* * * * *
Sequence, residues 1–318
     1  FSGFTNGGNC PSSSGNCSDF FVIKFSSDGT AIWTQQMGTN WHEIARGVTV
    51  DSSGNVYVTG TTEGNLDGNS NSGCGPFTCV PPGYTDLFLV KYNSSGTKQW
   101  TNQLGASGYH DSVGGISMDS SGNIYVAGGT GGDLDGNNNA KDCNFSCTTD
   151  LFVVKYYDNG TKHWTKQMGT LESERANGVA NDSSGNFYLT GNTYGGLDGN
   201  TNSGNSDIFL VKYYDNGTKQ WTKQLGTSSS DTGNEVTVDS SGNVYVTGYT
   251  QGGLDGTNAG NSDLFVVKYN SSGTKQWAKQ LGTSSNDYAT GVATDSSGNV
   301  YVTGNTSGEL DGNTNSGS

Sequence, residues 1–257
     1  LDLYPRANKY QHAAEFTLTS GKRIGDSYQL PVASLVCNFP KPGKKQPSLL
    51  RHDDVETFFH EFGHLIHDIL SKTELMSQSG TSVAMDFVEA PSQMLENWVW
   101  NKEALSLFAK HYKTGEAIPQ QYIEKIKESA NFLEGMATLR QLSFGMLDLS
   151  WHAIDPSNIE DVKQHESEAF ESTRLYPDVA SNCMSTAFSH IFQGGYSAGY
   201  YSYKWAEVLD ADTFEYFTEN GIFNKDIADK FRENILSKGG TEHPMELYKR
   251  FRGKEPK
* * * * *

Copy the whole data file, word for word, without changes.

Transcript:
Sequence, residues 1–318
     1  FSGFTNGGNC PSSSGNCSDF FVIKFSSDGT AIWTQQMGTN WHEIARGVTV
    51  DSSGNVYVTG TTEGNLDGNS NSGCGPFTCV PPGYTDLFLV KYNSSGTKQW
   101  TNQLGASGYH DSVGGISMDS SGNIYVAGGT GGDLDGNNNA KDCNFSCTTD
   151  LFVVKYYDNG TKHWTKQMGT LESERANGVA NDSSGNFYLT GNTYGGLDGN
   201  TNSGNSDIFL VKYYDNGTKQ WTKQLGTSSS DTGNEVTVDS SGNVYVTGYT
   251  QGGLDGTNAG NSDLFVVKYN SSGTKQWAKQ LGTSSNDYAT GVATDSSGNV
   301  YVTGNTSGEL DGNTNSGS

Sequence, residues 1–257
     1  LDLYPRANKY QHAAEFTLTS GKRIGDSYQL PVASLVCNFP KPGKKQPSLL
    51  RHDDVETFFH EFGHLIHDIL SKTELMSQSG TSVAMDFVEA PSQMLENWVW
   101  NKEALSLFAK HYKTGEAIPQ QYIEKIKESA NFLEGMATLR QLSFGMLDLS
   151  WHAIDPSNIE DVKQHESEAF ESTRLYPDVA SNCMSTAFSH IFQGGYSAGY
   201  YSYKWAEVLD ADTFEYFTEN GIFNKDIADK FRENILSKGG TEHPMELYKR
   251  FRGKEPK